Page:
The psychology of software

Organizational development—or OD for those who insist on acronyms—is a branch of psychology that studies how individuals interact within an organization and how to improve the organization's performance. Software development depends on individuals working effectively within an organization. Whether it's a small team or a large government information technology shop, the way individuals interact has a lot to do with whether the organization succeeds in its mission.

I first encountered OD many years ago, when the consulting shop I worked for conducted surveys of employee attitudes and job satisfaction. These studies often revealed why organizations seemed to be dysfunctional in certain ways and helped workers better understand one another's styles and work more effectively as a team.

I've recently been asked by a medium-sized organization to help implement a software development process. The effort will be based in large part on QuickStep, a software development methodology that I developed during the past 10 years. It seems to be a good fit, both with this organization's current practices and with its philosophy of software development.

But even when these circumstances exist, there's no guarantee that a new process grafted on from the outside will take root and flourish. A good process can fail if the organizational culture doesn't allow key practices to be performed.

For example, most development methodologies require various kinds of reviews. In a design review, a lot of emphasis may be placed on the materials that must be prepared for the participants, the process by which participants are selected and the manner in which the results are recorded.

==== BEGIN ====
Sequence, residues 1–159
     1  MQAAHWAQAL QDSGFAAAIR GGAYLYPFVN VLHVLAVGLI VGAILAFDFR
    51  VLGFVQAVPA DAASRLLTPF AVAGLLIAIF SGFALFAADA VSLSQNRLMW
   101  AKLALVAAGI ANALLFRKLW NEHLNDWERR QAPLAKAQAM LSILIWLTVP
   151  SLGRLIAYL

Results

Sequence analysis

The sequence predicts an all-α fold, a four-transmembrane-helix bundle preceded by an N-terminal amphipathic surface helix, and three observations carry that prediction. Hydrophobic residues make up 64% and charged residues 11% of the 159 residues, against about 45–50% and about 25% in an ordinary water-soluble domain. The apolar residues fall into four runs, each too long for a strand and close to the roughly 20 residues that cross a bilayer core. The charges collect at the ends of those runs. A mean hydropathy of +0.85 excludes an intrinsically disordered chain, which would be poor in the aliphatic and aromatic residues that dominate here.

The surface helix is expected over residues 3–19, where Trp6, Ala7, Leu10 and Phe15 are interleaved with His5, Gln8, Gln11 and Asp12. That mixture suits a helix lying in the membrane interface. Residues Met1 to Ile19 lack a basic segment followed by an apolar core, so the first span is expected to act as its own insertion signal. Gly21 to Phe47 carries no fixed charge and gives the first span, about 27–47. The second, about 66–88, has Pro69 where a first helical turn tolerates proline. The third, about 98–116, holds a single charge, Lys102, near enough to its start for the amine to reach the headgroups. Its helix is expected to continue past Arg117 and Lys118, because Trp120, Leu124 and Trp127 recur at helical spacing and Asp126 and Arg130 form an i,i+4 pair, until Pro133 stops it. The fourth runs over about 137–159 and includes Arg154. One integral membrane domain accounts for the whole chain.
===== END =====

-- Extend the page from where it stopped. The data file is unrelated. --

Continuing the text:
Yet, the problem of how to actually get people to participate is often overlooked. If your staff is afraid to speak up, how can you have a meaningful review? Despite lip service that "frank input is encouraged," too often differing views are oppressed and a culture of enforcement reigns. How many times have you seen programmers trudging along, implementing a flawed design because they know it isn't safe to say the Emperor of Design has no clothes?

If you can't get authorization for an actual OD intervention, consider sponsoring interventions of your own. Ask a programmer to lunch, and see if he or she wants to talk about unacknowledged problems. Stay late to help with testing, and see what you can pick up about the health of the project.

Finally, ask yourself: "Who's complaining?" If the poor performers are complaining, perhaps they're being given tough performance standards—and that might not be a bad thing. On the other hand, if your star performers are grousing or even resigning, that should probably tell you something.

Bragg is an independent consultant and systems architect with extensive experience in the federal market. He welcomes your questions and topic suggestions at tbragg@acm.org.

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